Michael Drayton

Not Evesham, that proud nymph, although she still pretend
Herself the first of vales, and though abroad she send
Her awful dread command, that all should tribute pay
To her as our great queen; nor White-horse, though her clay
Of silver seem to be, new-melted; nor the Vale
Of Alsbury, whose grass seems given out by tale,
For it so silken is; nor any of our kind,
Or what or where they be, or howsoe'er inclined,
My Bever shall outbrave, that in my state do scorn
By any of them all (once) to be overborne,
With theirs do but compare the country where I lie,
My hill, and wolds will say, they are the Island's eye.
Consider next my site, and say it doth excell;
Then come unto my soil, and you shall see it swell
With every grass and grain that Britain forth can bring:
I challenge any vale to show me but that thing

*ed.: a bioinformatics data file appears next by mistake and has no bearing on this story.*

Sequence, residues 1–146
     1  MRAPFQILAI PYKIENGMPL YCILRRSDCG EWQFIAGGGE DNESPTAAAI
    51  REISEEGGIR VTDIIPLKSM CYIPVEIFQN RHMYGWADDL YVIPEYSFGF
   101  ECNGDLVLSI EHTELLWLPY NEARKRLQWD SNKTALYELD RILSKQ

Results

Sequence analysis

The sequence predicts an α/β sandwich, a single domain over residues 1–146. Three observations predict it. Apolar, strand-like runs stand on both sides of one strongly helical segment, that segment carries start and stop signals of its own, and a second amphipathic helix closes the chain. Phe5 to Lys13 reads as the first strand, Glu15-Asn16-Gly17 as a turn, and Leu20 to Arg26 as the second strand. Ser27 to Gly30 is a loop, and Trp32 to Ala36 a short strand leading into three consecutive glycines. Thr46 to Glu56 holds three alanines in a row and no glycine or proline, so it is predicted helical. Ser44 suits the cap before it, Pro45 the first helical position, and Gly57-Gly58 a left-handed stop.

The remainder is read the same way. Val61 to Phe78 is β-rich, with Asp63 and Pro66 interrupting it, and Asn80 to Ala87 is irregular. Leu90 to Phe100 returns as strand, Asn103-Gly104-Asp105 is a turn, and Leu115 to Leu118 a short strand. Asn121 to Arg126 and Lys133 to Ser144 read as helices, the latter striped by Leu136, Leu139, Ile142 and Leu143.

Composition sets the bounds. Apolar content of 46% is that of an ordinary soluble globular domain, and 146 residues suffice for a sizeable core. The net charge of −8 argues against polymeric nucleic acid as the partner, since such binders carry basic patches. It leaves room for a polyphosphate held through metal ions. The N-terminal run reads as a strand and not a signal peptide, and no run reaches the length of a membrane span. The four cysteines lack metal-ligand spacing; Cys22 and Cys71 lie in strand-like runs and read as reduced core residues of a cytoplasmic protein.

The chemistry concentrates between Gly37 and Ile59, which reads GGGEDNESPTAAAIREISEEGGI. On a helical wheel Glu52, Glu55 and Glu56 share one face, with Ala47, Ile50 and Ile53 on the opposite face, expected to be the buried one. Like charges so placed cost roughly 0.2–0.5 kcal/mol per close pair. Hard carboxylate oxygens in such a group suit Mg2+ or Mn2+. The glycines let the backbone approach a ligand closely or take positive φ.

I cannot show to her (that truly is mine own);
Besides I dare thus boast, that I as far am known
As any of them all, the South their names doth sound,
The spacious North doth me, that there is scarcely found
A roomth for any else, it is so filled with mine,
Which but a little wants of making me divine:
Nor barren am of brooks, for that I still retain
Two neat and dainty rills, the little Snyte, and Deane,
That from the lovely wolds, their beauteous parent sprong
From the Lecestrian fields, come on with me along,
Till both within one bank, they on my north are meint,
And where I end, they fall, at Newarck, into Trent.

Both Vales - Belvoir and Evesham - are famed for their beauty.